According to another embodiment of the invention, the treatment of the biological composition with irradiation and quencher or quencher mixture is combined with a second virucidal method. This second virucidal method can be any method used conventionally to inactivate enveloped and/or non-enveloped viruses such as, merely for example, heat treatment, dry or otherwise, pH manipulation, treatment with lipid solvents and/or detergents, a separate irradiation treatment, e.g., with gamma-irradiation, or treatment with chemical agents, e.g., formaldehyde.
Non-limiting examples of lipid coated, human pathogenic viruses that can be inactivated by the present invention include vesicular stomatitis virus (VSV), Moloney sarcoma virus, Sindbis virus, human immunodeficiency viruses (HIV-1; HIV-2), human T-cell lymphotorophic virus-I (HTLV-I), hepatitis B virus, non-A, non-B hepatitis virus (NANB) (hepatitis C), cytomegalovirus, Epstein Barr viruses, lactate dehydrogenase elevating virus, herpes group viruses, rhabdoviruses, leukoviruses, myxoviruses, alphaviruses, Arboviruses (group B), paramyxoviruses, arenaviruses and coronaviruses. Non-limiting examples of non-enveloped viruses that can be inactivated by the present invention include parvovirus, polio virus, hepatitis A virus, enteric non-A, non-B hepatitis virus, bacteriophage M13 and satellite adeno-associated virus (AAV).
Cell-containing compositions to be treated according to the invention have ≧1×108 cells/ml, preferably ≧1×109 cells/ml and most preferably ≧1×1010 cells/ml. Furthermore, cell-containing compositions to be treated according to the invention have preferably >4 mg/ml protein and more preferably >25 mg/ml protein and most preferably 50 to 60 mg/ml protein (unwashed cells).
Non-cell containing compositions to be treated according to the invention have ≧0.1 mg/ml and preferably ≧5 mg/ml protein.
In the inventive process, at least 104, preferably 106, infectious units of virus parasite or other pathogen are inactivated.
The biological compositions treated according to the invention, while initially containing ≧1000 infectious units of virus/L, after the virus has been inactivated and treatment according to the invention has been conducted, have, in the case of cell-containing compositions, a retention of intact cell functionality and structure of greater than 70%, preferably greater than 80% and most preferably greater than 95%. In the case of biological fluids, a retention of biological activity of greater than 75%, preferably greater than 85%, and most preferably greater than 95% can be achieved.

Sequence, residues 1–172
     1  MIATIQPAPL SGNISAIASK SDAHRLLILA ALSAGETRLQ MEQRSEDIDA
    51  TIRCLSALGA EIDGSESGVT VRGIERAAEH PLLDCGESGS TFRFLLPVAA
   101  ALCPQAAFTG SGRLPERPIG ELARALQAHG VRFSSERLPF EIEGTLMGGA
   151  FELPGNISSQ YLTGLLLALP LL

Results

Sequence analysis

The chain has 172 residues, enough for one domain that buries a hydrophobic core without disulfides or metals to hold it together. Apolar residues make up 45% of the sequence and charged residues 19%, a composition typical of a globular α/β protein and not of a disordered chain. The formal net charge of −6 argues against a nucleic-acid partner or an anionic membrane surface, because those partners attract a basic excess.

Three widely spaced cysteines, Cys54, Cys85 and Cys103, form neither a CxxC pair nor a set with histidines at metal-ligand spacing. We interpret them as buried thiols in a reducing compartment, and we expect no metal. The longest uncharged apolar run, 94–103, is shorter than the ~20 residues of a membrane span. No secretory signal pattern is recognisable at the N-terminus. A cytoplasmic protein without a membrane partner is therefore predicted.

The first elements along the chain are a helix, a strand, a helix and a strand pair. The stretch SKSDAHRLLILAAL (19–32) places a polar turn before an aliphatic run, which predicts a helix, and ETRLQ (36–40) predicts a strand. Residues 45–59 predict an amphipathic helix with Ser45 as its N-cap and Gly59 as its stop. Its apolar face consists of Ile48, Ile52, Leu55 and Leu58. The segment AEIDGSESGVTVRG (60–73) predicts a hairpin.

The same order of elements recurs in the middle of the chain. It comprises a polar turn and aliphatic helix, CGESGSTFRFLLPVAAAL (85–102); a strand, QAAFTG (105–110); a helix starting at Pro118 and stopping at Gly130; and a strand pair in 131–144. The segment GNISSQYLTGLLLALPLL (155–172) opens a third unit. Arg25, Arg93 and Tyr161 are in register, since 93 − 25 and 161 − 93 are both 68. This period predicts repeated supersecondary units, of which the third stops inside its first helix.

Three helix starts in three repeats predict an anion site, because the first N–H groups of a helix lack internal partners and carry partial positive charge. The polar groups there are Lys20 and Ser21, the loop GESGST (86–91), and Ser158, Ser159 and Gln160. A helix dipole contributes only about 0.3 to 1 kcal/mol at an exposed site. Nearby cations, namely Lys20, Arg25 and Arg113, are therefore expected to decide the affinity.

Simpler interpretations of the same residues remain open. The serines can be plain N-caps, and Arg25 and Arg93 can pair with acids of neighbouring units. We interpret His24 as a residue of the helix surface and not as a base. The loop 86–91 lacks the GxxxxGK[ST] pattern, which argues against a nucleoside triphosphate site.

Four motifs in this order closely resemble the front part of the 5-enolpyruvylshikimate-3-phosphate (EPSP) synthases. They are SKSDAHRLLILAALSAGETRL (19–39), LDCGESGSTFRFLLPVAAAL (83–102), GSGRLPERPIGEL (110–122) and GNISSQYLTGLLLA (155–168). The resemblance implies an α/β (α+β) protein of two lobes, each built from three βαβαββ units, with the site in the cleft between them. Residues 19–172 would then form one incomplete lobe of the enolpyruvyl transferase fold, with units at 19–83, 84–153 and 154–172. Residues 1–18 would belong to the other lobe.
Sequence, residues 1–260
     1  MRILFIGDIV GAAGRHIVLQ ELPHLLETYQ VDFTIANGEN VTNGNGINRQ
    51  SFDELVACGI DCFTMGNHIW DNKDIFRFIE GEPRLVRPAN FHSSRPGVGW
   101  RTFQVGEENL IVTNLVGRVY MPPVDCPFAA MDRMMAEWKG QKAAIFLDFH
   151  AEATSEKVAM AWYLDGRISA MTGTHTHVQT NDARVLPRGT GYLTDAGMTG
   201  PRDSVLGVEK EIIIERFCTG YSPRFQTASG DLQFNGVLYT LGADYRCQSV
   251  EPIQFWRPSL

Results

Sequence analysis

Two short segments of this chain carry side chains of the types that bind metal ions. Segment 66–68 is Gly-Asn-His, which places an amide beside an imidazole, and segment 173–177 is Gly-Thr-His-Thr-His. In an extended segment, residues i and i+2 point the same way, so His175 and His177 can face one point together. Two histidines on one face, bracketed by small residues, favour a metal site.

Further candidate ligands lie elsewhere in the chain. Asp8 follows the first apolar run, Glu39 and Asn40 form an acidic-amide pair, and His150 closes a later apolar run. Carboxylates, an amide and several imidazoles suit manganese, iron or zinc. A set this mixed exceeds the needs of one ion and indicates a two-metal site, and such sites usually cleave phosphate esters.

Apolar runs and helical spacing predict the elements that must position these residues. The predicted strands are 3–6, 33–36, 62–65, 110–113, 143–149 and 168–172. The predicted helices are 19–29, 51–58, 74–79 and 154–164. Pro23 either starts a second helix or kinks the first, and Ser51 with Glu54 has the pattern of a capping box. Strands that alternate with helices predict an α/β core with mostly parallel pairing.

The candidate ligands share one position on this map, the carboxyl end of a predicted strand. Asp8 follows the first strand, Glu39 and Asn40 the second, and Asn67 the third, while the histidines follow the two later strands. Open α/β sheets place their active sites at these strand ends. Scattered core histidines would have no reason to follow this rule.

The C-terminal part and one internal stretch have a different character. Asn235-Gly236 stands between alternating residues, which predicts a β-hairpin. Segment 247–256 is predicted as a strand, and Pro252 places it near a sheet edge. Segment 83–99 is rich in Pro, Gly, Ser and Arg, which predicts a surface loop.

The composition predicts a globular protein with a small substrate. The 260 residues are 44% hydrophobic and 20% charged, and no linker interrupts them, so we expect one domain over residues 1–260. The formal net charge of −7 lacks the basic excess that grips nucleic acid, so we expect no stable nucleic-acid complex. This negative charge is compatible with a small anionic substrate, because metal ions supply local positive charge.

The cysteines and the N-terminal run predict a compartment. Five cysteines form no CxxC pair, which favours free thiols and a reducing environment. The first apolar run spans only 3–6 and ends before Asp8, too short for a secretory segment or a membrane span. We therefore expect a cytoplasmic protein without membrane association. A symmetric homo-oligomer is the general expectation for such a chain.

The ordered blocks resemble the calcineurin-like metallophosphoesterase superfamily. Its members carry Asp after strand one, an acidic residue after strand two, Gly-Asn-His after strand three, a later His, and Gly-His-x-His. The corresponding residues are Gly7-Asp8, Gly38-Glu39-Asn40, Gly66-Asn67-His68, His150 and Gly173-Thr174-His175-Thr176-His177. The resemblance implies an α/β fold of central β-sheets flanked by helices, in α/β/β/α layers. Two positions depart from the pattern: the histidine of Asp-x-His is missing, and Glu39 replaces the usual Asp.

By the inactivation procedure of the invention, most if not virtually all of the viruses contained therein would be inactivated. A method for determining infectivity levels by inoculation into chimpanzees (in vivo) is discussed by Prince, A. M., Stephen, W., Bortman, B. and van den Ende, M. C., "Evaluation of the Effect of Beta-propiolactone/Ultraviolet Irradiation (BPL/UV) Treatment of Source Plasma on Hepatitis Transmission by Factor IX Complex in Chimpanzees", Thrombosis and Hemostasis, 44: 138-142, (1980).
According to the invention, inactivation of virus is obtained to the extent of at least "4 logs", preferably ≧6 logs, i.e., virus in the sample is totally inactivated to the extent determined by infectivity studies where that virus is present in the untreated sample in such a concentration that even after dilution to 104 (or 106), viral activity can be measured.
The present invention describes inactivating viruses, while simultaneously retaining labile blood cell functional and structural features.
Functional activities of red cells are ascertained by measurements of metabolite levels, enzymatic activities, electrolyte levels and oxygen carrying capacity. Structural integrity of red cells is assessed by measurements of hemoglobin release, osmotic fragility, survival in vivo following radiolabeling with chromium-51, antigenicity and by evaluation of modification of cell surface proteins. Further evidence of the integrity of treated red blood cells comes from the measurement of their circulatory half-life.
While those skilled in the art will appreciate that the inventive process will be useful to sterilize most blood products, including, but not limited to, whole blood, red blood cell concentrates, platelet concentrates, platelet extracts, leukocyte extracts, blood protein concentrates, etc., the inventive method will prove especially valuable for the sterilization of platelet concentrates and platelet extracts. As alluded to previously, there is a special need for sterilization processes that afford superior viral inactivation while at the same time being protective of platelets. The present invention satisfies this need.
Functional activities of platelets are determined by their ability to aggregate in the presence of certain biological agents and their morphology and, also, by assessing the maintenance of the pH upon limited storage of a solution containing the platelets and in vivo hemostatic effectiveness using the rabbit ear bleeding time technique (Wagner et al., 1993, Blood, 82:3489. Structural integrity of platelets is assessed by in vivo survival following radiolabeling with indium-111 and identification of the presence of specific platelet antigens.
After treatment with the photoreactive compound, excess photoreactive compound can be removed by centrifugation, washing dialysis, and/or adsorption onto hydrophobic matrices.
In an embodiment of the present invention, the treated cell-containing fraction from the inventive process is transfused or returned to the donor, e.g., human donor, from which the initial cell-containing fraction was derived. In this manner, the level of circulating virus in the donor will be reduced, thus improving the donor's ability to clear virus and/or improving the efficacy of antiviral drugs.